Bone Morphogenetic Proteins
Evolving technological sophistication has allowed the development of minimal access surgery. Equally exciting is the ongoing research into biologically based techniques for spinal fusion and their nascent clinical applications. Receiving particular attention from spine surgeons are the bone morphogenetic proteins (BMPs). In 1965 the existence of BMPs, a class of low-molecular-weight glycoproteins, was first proposed, and BMPs are now recognized as playing vital roles in inducing bone formation (103-105). They appear to play critical roles in the formation and maturation of skeletal tissues, with isoforms BMP-2 and BMP-7 receiving particular attention.
Naturally, the osteoinductive ability of BMPs, leading to de novo bone formation, has led to considerable interest in using these proteins to enhance spinal arthrodesis, either in concert with auto- or allograft or as stand-alone fusion inducers. Early clinical trials with recombinant human BMP-2 (rhBMP-2) have been encouraging. Boden et al. (106) compared lumbar interbody arthrodesis using autograft iliac crest vs a tapered cylindrical threaded fusion cage filled with rhBMP-2 and collagen carrier protein. The study included 14 patients with single-level lumbar degenerative disc disease refractory to nonoperative management who were randomly placed into either the rhBMP-2 group or the control autograft group. After 6 mo, radiographic arthrodesis had occurred more reliably in the rhBMP-2 group with superior outcomes measures (106). Other studies have shown successful laparoscopic ALIF fusions using rhBMP-2-soaked collagen sponges placed within tapered titanium cages (107). In addition, other authors have shown superior rates of lumbar fusion using tapered titanium fusion cages "packed" with rhBMP-2 compared with laparoscopic ALIF utilizing autologous iliac crest bone graft (108).
The demonstrated efficacy of BMP-2 for inducing bony fusion—and the absence of associated serious side effects—has led to Food and Drug Administration approval of rhBMP-2 for lumbar interbody fusion with titanium cages. Continued research will focus both on appropriate carrier matrices through which to deliver and release recombinant BMPs and the potential for rhBMP-2 delivery by gene therapy (109).
New techniques for stabilizing adjacent spinal segments while waiting for bony fusion are also emerging. Although conventional metallic spinal implants are effective in maintaining spinal alignment and preventing graft migration, they have disadvantages such as degraded imaging, occasional failure and migration, and fusion stress shielding. Thus, interest in bioabsorbable implants has emerged. Bioabsorbable polymers have several advantages: they are radi-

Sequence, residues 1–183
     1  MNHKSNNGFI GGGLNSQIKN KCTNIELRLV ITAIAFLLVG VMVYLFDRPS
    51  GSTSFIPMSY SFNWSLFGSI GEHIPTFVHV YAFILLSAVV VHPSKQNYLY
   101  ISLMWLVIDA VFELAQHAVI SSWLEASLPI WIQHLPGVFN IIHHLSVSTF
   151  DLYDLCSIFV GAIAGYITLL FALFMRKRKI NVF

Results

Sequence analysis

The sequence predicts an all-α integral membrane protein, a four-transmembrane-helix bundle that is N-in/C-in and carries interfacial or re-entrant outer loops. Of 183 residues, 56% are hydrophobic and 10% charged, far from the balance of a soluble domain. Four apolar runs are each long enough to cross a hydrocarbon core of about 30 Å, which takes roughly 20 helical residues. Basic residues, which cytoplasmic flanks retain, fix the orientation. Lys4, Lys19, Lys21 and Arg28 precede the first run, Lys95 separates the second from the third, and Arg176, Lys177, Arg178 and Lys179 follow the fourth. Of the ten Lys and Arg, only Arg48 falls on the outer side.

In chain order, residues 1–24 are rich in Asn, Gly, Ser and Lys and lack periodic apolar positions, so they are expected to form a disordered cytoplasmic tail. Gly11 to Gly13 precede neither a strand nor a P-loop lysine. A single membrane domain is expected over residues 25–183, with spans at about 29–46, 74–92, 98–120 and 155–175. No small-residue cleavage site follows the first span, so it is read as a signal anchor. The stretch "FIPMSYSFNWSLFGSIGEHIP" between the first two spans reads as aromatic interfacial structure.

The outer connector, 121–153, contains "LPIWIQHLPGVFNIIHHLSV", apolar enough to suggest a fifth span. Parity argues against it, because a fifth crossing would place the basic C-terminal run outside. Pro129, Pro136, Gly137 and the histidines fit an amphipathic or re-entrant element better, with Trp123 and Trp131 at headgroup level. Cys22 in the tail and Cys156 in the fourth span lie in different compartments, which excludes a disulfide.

olucent, lack of metallic implant migration, have no of radiographic artifact, and have the ability to transfer axial loads from implant to bone as the implant degrades over time (110,111) (Fig 10). The polymers utilized most often for spinal applications are poly-lactic acid (PLA) and poly-glycolic acid (PGA).
The utility of bioabsorbable plates in anterior cervical discectomy has been demonstrated in a small number of patients. The bioabsorbable implants showed enough structural strength to maintain disc space height during the fusion process but appeared to prevent stress shielding, thereby enhancing bony fusion (112). More recent work demonstrated successful fusion in one-and two-level anterior cervical discectomies using the Macropore bioabsorbable plate and screw system (Macropore, San Diego, CA). This plate has the added benefit that the PLA construct is translucent, thereby allowing visualization of the endplates and disc space during plate application (113). In posterior appli cations, 3-yr follow-up using PLA cages in lumbar interbody fusion in animal models has shown adequate fusion and maintenance of cage height at 6 mo, as well as 50% cage reabsorption at 36 mo (114). Subach et al. (115) reported on a series of 15 patients with spondylosis or spondylolisthesis in whom bioab-sorbable cages were placed bilaterally with posterior instrumentation; 6-mo follow-up showed maintenance of disc height and foraminal diameter.
The clear advantages of a bioabsorbable system include the stability of adjacent segments during bony fusion, the eventual transfer of axial load from implant to bone as the implant degrades over time, and the avoidance of metal-related complications such as migration and imaging artifact. Larger scale studies will determine efficacy and feasibility on a statistically significant scale.
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